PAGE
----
Background: Currently nanomedicines are the focus of attention from researchers and clinicians because of the successes of lipid-nanoparticles-based COVID-19 vaccines. Nanoparticles improve existing treatments by providing a number of advantages including protection of cargo molecules from external stresses, delivery of drugs to target tissues, and sustained drug release. To prevent premature release-related side effects, stable drug loading in nanoformulations is required, but the increased stability of the formulation could also lead to a poor drug-release profile at the target sites. Thus, researchers have exploited differences in a range of properties (e.g., enzyme levels, pH, levels of reduced glutathione, and reactive oxygen species) between non-target and target sites for site-specific release of drugs. Among these environmental stimuli, pH gradients have been widely used to design novel, responsive nanoparticles. Area covered: In this review, we assess drug delivery based on pH-responsive nanoparticles at the levels of tissues (tumor microenvironment, pH ~ 6.5) and of intracellular compartments (endosome and lysosome, pH 4.5–6.5). Upon exposure to these pH stimuli, pH-responsive nanoparticles respond with physicochemical changes to their material structure and surface characteristics. These changes include swelling, dissociation, or surface charge switching, in a manner that favors drug release at the target site (the tumor microenvironment region and the cytosol followed by endosomal escape) rather than the surrounding tissues. Expert opinion: Lastly, we consider the challenges involved in the development of pH-responsive nanomedicines.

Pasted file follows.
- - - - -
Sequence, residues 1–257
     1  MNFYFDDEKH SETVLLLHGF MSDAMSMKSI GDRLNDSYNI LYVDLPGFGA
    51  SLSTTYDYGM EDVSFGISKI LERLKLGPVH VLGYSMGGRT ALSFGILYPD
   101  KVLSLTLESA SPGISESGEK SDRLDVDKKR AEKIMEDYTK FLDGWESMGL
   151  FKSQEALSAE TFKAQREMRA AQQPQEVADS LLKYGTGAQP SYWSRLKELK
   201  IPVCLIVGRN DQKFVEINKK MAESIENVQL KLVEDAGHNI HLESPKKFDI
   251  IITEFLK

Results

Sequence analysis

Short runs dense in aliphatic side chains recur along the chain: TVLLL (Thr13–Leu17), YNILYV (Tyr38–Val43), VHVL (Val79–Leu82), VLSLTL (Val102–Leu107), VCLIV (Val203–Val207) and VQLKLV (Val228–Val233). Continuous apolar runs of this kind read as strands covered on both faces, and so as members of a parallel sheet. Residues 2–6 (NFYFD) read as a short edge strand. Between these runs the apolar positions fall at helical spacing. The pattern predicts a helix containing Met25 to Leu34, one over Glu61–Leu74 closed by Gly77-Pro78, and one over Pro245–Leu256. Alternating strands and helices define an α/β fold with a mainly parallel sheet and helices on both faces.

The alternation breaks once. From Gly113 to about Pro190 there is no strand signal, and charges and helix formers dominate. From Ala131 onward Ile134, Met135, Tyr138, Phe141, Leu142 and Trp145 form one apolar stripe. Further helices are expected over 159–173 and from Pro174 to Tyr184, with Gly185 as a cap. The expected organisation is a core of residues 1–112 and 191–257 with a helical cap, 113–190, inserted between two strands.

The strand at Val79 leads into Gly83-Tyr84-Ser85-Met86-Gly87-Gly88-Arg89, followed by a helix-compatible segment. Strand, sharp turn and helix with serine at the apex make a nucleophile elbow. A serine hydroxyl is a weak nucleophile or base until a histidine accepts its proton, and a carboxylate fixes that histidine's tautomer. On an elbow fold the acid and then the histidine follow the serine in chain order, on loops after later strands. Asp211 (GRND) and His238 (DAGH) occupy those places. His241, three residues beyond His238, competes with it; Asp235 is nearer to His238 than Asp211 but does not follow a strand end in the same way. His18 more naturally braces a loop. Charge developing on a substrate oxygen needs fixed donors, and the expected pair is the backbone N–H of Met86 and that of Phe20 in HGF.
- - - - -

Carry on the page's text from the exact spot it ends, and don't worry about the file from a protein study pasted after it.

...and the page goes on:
- Endosomal escape
- Tumor microenvironment